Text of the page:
Airplane Tax Repealed in Pilot's Community of Mat-Su
MAT-SU—An airplane tax was unanimously repealed last night (Feb. 6) by the Assembly for the Matanuska-Susitna Borough, where the highest concentration of private airstrips and public airports is found in the nation. Assemblymember Darcie Salmon sponsored the legislation in support of our local aircraft owners.
Salmon said residents in fly-in subdivisions such as Sky Ranch, in effect, are already paying a tax for their aircraft through their property taxes.
The Mat-Su Borough has 10 public airports and more than 200 private strips and airports. More than 1,000 aircraft are owned here and more pilots live here per capita than the nation, according to a 2008 executive summary of the Matanuska-Susitna Borough Regional Aviation System Plan.
The Borough airplane tax began in 1996 with a charge of $75 annually on a single engine, hot air balloon, or glider. Each year 1,250 tax registration bills are sent out. About 60 percent of owners pay the tax. Significant employee time is spent administering the program. The Borough has little recourse to collect on delinquencies. The loss in taxes to the Borough when repealed is estimated at $60,000.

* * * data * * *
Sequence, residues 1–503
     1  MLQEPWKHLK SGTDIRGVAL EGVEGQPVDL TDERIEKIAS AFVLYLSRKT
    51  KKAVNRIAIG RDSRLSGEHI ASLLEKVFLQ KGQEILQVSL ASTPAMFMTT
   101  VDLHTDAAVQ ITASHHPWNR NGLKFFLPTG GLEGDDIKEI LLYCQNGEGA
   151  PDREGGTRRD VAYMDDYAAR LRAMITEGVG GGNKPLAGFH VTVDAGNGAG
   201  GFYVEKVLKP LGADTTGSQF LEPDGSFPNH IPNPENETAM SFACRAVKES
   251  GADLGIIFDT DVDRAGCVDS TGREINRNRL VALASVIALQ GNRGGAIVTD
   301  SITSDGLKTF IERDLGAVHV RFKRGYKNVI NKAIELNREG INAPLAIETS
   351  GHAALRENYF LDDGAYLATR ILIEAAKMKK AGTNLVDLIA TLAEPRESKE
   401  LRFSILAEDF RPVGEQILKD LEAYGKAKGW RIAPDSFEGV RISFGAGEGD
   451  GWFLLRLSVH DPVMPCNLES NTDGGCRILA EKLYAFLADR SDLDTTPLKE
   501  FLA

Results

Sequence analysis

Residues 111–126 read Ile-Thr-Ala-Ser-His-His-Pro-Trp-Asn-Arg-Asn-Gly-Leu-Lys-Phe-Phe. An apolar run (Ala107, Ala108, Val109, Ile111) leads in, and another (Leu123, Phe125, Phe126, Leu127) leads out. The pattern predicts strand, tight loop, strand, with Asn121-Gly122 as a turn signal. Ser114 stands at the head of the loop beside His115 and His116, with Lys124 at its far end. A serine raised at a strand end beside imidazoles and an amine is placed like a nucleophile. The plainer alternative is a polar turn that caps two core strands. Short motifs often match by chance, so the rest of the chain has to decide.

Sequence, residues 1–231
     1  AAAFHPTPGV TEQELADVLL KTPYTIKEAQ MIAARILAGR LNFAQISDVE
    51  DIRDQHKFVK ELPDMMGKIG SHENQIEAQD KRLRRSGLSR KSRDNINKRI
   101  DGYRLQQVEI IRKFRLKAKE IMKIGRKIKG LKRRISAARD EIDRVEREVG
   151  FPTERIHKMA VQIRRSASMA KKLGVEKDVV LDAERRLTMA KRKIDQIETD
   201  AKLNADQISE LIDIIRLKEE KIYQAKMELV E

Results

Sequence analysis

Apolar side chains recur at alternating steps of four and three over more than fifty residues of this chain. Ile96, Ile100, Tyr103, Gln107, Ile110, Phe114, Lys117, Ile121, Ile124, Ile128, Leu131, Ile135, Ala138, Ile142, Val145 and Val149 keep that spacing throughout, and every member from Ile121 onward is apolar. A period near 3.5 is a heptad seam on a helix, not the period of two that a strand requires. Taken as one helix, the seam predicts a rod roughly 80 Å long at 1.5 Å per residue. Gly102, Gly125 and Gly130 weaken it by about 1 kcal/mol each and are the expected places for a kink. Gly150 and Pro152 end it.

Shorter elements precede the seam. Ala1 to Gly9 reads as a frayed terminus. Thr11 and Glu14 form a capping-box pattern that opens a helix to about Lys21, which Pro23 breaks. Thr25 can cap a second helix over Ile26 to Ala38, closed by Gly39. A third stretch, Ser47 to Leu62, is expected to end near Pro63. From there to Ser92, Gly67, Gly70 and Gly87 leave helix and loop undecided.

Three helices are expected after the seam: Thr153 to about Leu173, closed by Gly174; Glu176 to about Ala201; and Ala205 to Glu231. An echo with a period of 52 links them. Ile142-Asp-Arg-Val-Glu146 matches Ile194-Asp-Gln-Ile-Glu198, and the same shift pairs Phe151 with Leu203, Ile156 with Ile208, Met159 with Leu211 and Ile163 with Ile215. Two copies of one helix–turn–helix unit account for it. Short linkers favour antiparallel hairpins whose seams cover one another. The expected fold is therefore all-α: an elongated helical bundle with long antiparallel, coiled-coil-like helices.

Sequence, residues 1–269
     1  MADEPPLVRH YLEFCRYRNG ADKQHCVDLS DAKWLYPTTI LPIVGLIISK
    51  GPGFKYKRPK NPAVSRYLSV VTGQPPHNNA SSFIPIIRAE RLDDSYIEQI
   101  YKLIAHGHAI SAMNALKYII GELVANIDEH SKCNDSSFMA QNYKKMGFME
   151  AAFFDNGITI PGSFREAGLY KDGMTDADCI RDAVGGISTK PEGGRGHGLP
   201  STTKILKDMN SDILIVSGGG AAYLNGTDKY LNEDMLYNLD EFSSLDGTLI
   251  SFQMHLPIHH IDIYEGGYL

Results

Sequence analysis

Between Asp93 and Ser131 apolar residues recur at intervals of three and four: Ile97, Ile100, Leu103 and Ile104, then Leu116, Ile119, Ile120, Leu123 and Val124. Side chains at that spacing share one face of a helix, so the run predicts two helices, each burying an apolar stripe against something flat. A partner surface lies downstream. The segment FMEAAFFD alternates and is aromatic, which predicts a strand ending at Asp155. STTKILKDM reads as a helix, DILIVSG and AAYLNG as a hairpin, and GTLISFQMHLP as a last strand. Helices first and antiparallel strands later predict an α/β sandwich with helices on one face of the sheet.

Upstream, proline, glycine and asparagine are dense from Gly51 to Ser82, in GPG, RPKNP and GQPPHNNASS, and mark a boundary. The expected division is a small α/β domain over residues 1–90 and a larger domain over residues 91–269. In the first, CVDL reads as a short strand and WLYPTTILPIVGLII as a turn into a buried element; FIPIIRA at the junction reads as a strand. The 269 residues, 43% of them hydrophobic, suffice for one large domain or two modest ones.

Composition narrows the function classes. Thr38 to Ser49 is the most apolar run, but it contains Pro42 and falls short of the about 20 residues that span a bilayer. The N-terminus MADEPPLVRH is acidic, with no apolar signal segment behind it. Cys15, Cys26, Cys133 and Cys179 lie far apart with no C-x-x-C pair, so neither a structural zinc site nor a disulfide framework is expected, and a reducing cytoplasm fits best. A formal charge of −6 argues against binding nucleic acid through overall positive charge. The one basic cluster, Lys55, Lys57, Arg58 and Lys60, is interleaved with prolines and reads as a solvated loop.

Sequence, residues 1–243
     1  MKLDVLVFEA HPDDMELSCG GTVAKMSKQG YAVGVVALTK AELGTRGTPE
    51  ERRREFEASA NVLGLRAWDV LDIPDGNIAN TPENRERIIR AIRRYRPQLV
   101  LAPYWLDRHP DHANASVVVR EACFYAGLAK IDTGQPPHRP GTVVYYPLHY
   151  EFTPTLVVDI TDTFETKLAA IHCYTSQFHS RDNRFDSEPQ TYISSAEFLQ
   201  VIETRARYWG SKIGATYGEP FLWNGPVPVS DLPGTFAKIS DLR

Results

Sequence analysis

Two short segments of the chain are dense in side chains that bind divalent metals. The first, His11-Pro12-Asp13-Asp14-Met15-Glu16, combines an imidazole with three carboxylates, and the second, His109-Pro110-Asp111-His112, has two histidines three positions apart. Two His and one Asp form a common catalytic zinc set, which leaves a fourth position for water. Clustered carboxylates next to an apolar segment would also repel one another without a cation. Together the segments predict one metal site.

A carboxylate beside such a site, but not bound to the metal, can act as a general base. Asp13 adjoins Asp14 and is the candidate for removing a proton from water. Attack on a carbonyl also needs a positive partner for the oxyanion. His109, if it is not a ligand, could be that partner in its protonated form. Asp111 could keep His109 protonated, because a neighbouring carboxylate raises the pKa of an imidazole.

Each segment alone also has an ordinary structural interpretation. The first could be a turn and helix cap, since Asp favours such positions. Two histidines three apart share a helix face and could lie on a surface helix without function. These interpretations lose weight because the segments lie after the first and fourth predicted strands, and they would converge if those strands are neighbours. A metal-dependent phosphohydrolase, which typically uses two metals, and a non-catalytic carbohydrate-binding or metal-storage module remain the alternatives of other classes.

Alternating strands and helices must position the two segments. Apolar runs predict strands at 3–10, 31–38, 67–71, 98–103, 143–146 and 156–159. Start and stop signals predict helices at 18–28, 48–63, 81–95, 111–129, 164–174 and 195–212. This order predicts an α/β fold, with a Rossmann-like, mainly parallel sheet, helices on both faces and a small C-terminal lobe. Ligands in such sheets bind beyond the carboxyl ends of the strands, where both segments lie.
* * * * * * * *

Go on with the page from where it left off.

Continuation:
Aviation groups support removing the tax including the Alaska Airmen’s Association, the Aircraft Owners and Pilots’ Association, and the Borough’s own Aviation Advisory Board, said Assemblymember Warren Keogh.
Assembly member Steve Colligan said the aviation industry has seen tough times due to increases in fuel costs and regulations from the Environmental Protection Agency and the Federal Aviation Administration. Colligan said owners of the small general aviation aircraft connect visitors and Alaskans to the outer reaches of our state. “We should be encouraging industry to come here.” He said aircraft bolsters tourism, maintenance and support operations and light-manufacturing. “I think it is clear with the appointment of new industry folks to the Aviation Advisory Board that we have set a new path by looking at the aviation industry as an economic opportunity for the Mat-Su to be developed rather than taxed and regulated. Alaska's aviation industry has produced and tested innovative technologies, procedures and safety programs that have set the standard for our nation,” Colligan said.
Mayor Larry DeVilbiss remarked on his podcast, “There was a lot of feeling obviously on the part of the airplane owners that we pick on them and they receive not a single service from that tax and they were very happy to see it go away. It is a tax that’s very difficult to enforce, it’s kinda like taxing flies, they move around,” DeVilbiss said.
Assemblymembers are still identifying how to address past overdue aircraft taxes. The Borough also collects aircraft taxes for the City of Palmer.